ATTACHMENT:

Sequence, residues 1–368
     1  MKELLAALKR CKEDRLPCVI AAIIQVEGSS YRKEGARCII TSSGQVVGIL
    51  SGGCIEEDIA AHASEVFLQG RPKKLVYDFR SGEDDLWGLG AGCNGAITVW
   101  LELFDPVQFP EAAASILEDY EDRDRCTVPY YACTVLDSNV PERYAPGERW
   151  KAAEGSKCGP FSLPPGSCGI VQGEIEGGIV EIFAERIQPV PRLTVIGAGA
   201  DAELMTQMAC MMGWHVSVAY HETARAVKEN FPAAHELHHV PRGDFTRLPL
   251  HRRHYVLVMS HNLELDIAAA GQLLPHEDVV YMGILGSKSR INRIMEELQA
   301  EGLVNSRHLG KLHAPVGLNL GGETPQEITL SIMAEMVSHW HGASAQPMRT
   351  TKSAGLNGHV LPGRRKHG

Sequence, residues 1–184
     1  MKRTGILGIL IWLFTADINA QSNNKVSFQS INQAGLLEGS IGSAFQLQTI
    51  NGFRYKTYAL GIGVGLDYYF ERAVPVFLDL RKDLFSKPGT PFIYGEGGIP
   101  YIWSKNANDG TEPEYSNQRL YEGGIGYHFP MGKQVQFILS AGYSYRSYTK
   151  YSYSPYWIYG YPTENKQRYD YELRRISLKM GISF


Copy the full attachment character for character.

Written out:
Sequence, residues 1–368
     1  MKELLAALKR CKEDRLPCVI AAIIQVEGSS YRKEGARCII TSSGQVVGIL
    51  SGGCIEEDIA AHASEVFLQG RPKKLVYDFR SGEDDLWGLG AGCNGAITVW
   101  LELFDPVQFP EAAASILEDY EDRDRCTVPY YACTVLDSNV PERYAPGERW
   151  KAAEGSKCGP FSLPPGSCGI VQGEIEGGIV EIFAERIQPV PRLTVIGAGA
   201  DAELMTQMAC MMGWHVSVAY HETARAVKEN FPAAHELHHV PRGDFTRLPL
   251  HRRHYVLVMS HNLELDIAAA GQLLPHEDVV YMGILGSKSR INRIMEELQA
   301  EGLVNSRHLG KLHAPVGLNL GGETPQEITL SIMAEMVSHW HGASAQPMRT
   351  TKSAGLNGHV LPGRRKHG

Sequence, residues 1–184
     1  MKRTGILGIL IWLFTADINA QSNNKVSFQS INQAGLLEGS IGSAFQLQTI
    51  NGFRYKTYAL GIGVGLDYYF ERAVPVFLDL RKDLFSKPGT PFIYGEGGIP
   101  YIWSKNANDG TEPEYSNQRL YEGGIGYHFP MGKQVQFILS AGYSYRSYTK
   151  YSYSPYWIYG YPTENKQRYD YELRRISLKM GISF